Groundbreaking RNA sequencing study uncovers new insights into alternative splicing and disease associations

Tokyo Medical and Dental University (TMDU) researchers harness long-read RNA sequencing to decode genetic intricacies and disease links.

Alternative splicing, a process where a single gene can give rise to multiple different proteins via inclusion or exclusion of certain segments of the gene sequence, is known to occur in over 90% of human genes. This leads to the production of numerous transcript isoforms (splice variants of an expressed gene) crucial for protein function and cellular processes. Despite previous research on mechanisms underlying alternative splicing and genetic variants affecting splicing, understanding the complete diversity of isoforms has been challenging.

In a study published on 28 May 2024 in Nature Communications, researchers from Tokyo Medical and Dental University (TMDU) in Japan revealed significant new insights into alternative splicing and its association with complex diseases, especially immune-mediated diseases. This research highlights the limitations of traditional short-read sequencing methods in capturing the full spectrum of isoform diversity, emphasizing the revolutionary potential of long-read sequencing technology.

The study employed long-read RNA sequencing (RNA-seq), a technique that can determine the base sequence of long regions of RNA molecules, to map RNA transcripts in 29 immune cell subsets from a healthy individual. Long-read sequencing technology, compared to widely-used short-read sequencing technology, can improve mapping accuracy, genome assembly, and structural variation detection. This approach allowed for the identification of novel isoforms, the understanding of cell-type-specific splicing patterns, and the exploration of the role of repetitive DNA sequences in isoform diversity. It involved a comprehensive characterization of transcript isoforms within the purified immune cell subsets, followed by validation with additional peripheral blood mononuclear cells (PBMCs). Researchers compiled this information into a database, which they named TRAILS. Put simply, TRAILS is a database that contains the full-length structure of expressed genes in human immune cells.

Study design to create a database of transcripts, called TRAILS (TRAnscriptomic resource of Immune cells using Long-read Sequencing), from different human immune cell subsets and downstream analysis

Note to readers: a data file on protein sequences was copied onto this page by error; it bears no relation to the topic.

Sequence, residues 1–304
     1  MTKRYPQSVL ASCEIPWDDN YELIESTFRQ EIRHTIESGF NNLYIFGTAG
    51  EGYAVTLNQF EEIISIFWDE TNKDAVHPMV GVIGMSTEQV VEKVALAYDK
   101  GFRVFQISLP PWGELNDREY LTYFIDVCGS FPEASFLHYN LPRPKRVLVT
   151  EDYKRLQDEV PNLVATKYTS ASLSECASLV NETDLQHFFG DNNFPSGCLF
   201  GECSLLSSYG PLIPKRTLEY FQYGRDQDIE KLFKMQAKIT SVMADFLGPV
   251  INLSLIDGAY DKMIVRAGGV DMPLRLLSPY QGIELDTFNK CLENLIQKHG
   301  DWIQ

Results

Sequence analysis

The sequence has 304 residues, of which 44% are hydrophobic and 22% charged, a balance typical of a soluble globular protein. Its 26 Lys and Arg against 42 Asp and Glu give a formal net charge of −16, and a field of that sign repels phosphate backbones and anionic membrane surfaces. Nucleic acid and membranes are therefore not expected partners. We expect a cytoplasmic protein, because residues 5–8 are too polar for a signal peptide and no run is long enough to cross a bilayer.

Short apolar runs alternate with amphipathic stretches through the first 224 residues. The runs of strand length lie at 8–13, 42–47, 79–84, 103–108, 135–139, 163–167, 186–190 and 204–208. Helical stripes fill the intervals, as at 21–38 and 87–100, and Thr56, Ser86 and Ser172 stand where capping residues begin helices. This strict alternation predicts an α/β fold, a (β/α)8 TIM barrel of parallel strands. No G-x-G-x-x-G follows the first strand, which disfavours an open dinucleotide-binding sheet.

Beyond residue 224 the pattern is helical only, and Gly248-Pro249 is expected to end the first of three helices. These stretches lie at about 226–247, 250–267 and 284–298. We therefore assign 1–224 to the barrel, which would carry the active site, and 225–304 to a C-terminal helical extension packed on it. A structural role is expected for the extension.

Figure1

First, long-read sequencing is performed on immune cell populations to generate full-length isoform sequences. Key attributes of the TRAILS include novelty, repetitive element insertion, cell-type specific expression patterns, translational efficiency, and coding potential. In addition, publicly available short-read RNA sequencing datasets are remapped to the TRAILS to identify disease-linked isoforms through isoform switch analysis, quantitative trait loci (QTL) analysis, and colocalization analysis. 

One of the study’s significant findings was the identification of numerous readthrough transcripts, such as a novel isoform at the TOMM40-APOE locus linked to Alzheimer’s disease. This highlights the importance of these understudied isoforms in disease genetics. Additionally, the research revealed cell-type-specific splicing patterns and their impact on gene function, particularly through 3′-UTR regions, along with the relationship between transcript features and translational efficiency.

Furthermore, using TRAILS,  researchers performed an integrated analysis of paired RNA-seq and genotype data and identified several transcripts associated with the risk of developing immune-related diseases. The number of disease-linked transcripts identified by TRAILS was greater than that of the widely used public atlas, GENCODE, indicating the utility of TRAILS specifically for immune cells.

Professor Yuta Kochi, the lead author of the study, explains, “We leveraged integrative genetic analyses to identify isoforms associated with specific diseases. These disease-associated transcripts include previously unknown transcripts that, combined with the detailed transcript information in our extensive database, allowed us to infer the mechanism of the disease.”

Dr. Jun Inamo, the first author, highlights, “These findings advance our understanding of the association between alternative splicing and disease genetics. By uncovering previously unknown isoforms and exploring their implications in disease pathways, our study could pave the way for more targeted and effective interventions for complex diseases.”

This study marks a crucial milestone in genomic research, emphasizing the importance of understanding alternative splicing in unraveling the complexities of human genetics. It advances our understanding of immune system complexities and disease mechanisms and provides insights into human genome evolution and immune system functions. By linking genomic data with functional analysis, TRAILS aids in our understanding of the pathology of immune-mediated diseases and other conditions such as Alzheimer’s disease.

The discoveries made in this research thus have the potential to revolutionize the genomic field, offering hope for improved diagnostic and therapeutic strategies in the future.

SourceTokyo Medical and Dental University

Inamo J, Suzuki A, Ueda MT, Yamaguchi K, Nishida H, Suzuki K, Kaneko Y, Takeuchi T, Hatano H, Ishigaki K, Ishihama Y, Yamamoto K, Kochi Y. (2024) Long-read sequencing for 29 immune cell subsets reveals disease-linked isoforms. Nat Commun 15(1):4285. [article]

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